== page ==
Help Spread World Peace with SERVAS


Have you ever heard of SERVAS?


I hadn’t, until last summer when hubs and I were preparing for a trip to Europe. When travelling outside the country, we try to connect in some way with locals, as a way to understand and at least briefly experience what life is like for the people who live in that destination. Often we rely on friends and acquaintances to connect us with people around the world, but for this particular trip to Turkey, Bulgaria and Greece we were coming up mostly empty-handed.

Hubs knew there were organizations out there that connect travelers with hosts – something a little more submersive than what you would experience with Airbnb or couchsurfing. He did some online research and discovered SERVAS.

SERVAS is an international federation of national groups that connects a network of hosts and travelers. They were founded shortly after World War II by those committed to fostering world peace, people who wanted to do their part to ensure nothing like that devastating war would ever happen again.

The purpose of the group is to help build understanding and goodwill by giving people the opportunity to connect with others from different backgrounds, cultures and nationalities.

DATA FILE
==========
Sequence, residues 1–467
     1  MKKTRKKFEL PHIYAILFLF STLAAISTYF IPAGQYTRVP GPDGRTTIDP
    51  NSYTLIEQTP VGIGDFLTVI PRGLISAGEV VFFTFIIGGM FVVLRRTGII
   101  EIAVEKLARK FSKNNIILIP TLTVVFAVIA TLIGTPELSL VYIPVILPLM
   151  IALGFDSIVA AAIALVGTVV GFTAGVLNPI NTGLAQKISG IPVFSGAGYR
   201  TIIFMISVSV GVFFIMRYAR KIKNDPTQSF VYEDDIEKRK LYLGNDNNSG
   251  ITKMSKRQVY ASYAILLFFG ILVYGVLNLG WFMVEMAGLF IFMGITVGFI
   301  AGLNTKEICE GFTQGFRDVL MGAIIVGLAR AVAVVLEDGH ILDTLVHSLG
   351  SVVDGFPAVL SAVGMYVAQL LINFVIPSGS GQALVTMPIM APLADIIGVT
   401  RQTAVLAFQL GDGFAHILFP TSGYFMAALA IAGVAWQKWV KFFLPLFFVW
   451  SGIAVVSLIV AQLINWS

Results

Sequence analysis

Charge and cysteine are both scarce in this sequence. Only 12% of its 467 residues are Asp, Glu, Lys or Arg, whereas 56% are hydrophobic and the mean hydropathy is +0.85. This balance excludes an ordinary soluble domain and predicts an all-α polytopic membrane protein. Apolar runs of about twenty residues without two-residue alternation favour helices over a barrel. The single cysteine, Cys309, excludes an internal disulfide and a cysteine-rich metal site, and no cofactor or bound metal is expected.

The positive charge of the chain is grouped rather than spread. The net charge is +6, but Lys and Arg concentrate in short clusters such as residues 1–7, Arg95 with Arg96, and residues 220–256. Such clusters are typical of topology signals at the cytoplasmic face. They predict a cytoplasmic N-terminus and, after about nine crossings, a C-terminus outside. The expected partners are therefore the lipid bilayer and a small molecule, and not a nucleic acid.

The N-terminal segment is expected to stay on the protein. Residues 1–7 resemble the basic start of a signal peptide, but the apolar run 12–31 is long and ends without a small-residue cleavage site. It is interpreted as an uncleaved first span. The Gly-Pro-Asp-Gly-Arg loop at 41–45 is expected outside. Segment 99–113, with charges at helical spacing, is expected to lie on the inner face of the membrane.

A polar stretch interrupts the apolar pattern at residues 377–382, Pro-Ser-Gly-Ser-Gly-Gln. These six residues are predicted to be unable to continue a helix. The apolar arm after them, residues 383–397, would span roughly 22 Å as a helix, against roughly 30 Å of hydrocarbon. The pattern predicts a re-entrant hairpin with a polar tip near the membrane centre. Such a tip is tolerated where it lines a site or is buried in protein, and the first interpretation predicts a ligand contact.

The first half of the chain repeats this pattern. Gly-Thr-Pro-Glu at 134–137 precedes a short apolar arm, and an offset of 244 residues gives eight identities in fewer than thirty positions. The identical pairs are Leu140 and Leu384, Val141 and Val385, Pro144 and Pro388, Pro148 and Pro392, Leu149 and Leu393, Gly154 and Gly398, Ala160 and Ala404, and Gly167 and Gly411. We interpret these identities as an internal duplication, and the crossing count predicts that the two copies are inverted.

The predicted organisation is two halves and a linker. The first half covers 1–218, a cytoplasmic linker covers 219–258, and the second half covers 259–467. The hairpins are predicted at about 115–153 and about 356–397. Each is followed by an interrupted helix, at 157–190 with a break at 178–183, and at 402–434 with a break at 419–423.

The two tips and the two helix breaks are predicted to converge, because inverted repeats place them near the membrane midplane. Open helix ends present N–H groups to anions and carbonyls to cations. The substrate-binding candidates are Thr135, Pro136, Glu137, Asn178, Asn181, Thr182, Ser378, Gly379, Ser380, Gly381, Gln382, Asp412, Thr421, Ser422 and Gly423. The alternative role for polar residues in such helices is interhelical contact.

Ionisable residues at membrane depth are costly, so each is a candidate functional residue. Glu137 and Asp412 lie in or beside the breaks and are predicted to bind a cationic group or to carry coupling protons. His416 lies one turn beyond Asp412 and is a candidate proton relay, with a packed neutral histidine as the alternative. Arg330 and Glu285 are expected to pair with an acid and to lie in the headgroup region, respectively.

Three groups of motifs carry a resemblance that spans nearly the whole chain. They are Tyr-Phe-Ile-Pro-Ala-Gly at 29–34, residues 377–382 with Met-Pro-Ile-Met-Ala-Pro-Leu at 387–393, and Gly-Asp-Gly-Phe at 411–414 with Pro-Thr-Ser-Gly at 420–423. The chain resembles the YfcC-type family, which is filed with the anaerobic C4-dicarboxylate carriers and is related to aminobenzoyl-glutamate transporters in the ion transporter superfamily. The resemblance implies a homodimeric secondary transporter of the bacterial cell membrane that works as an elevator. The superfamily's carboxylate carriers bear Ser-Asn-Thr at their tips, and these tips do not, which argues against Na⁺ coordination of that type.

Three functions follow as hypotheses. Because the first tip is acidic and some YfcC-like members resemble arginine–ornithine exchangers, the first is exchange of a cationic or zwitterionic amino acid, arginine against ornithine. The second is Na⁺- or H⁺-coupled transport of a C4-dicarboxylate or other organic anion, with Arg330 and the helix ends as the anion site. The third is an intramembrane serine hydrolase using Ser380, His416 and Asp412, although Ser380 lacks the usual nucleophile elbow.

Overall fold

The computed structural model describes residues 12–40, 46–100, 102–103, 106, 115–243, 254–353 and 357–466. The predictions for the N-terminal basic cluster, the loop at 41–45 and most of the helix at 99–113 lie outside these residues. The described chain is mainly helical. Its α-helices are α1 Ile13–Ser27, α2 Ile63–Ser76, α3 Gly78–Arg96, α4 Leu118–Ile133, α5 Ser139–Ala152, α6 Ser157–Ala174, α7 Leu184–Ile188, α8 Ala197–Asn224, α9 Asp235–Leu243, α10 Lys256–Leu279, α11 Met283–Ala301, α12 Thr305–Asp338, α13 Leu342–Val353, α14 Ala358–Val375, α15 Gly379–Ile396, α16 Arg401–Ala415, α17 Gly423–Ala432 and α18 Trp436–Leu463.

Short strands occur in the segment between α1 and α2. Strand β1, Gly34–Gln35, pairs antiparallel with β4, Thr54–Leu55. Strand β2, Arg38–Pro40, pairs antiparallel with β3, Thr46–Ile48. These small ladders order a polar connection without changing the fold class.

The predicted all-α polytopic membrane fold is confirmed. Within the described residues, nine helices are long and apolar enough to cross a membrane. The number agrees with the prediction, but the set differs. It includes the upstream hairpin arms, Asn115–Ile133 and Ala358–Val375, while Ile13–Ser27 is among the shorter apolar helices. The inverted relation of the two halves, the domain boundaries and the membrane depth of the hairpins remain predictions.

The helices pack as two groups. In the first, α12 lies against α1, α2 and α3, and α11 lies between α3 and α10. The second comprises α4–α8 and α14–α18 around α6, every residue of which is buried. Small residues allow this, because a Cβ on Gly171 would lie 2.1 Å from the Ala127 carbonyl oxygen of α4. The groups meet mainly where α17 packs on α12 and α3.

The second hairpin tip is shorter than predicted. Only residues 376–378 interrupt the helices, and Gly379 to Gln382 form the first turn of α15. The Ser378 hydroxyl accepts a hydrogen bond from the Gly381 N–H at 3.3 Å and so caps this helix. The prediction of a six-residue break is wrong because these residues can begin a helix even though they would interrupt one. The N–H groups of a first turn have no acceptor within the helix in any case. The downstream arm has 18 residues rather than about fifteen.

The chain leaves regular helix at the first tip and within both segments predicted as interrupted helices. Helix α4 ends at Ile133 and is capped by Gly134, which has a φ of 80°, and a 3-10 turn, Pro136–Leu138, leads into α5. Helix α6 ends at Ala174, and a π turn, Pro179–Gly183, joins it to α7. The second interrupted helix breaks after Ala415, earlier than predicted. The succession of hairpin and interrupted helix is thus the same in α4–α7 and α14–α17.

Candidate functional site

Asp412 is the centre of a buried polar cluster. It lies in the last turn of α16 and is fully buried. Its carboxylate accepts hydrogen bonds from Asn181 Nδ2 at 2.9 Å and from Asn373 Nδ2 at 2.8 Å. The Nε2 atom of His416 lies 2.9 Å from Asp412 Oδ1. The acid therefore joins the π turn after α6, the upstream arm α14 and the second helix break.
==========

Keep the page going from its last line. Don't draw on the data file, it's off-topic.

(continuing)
It’s world peace, one conversation at a time.

Here’s a video that explains it a little more:

After filling out an application, providing references and having an in-person interview, we were accepted into the group and went about making arrangements to stay with hosts. As a Servas Traveler, you may stay for free for two nights with approved hosts. Over 100 countries participate in the program.

Over the course of our three-week trip, we spent seven nights with an amazing couple in Istanbul and one night with an equally amazing couple near Thessaloniki, Greece. To say that we were met with warmth and generosity would be an understatement.

In Istanbul, we spent evenings talking at length with our hosts about life in the city, their travels, the role religion plays in their culture. They taught us how to properly make Turkish coffee, helped us sample the best of the local cuisine, gave us maps and endless suggestions of what we should see during our stay, gave us our own room in which to stay, and introduced us to the delights of a full Turkish breakfast. Even their three cats welcomed us as part of the family.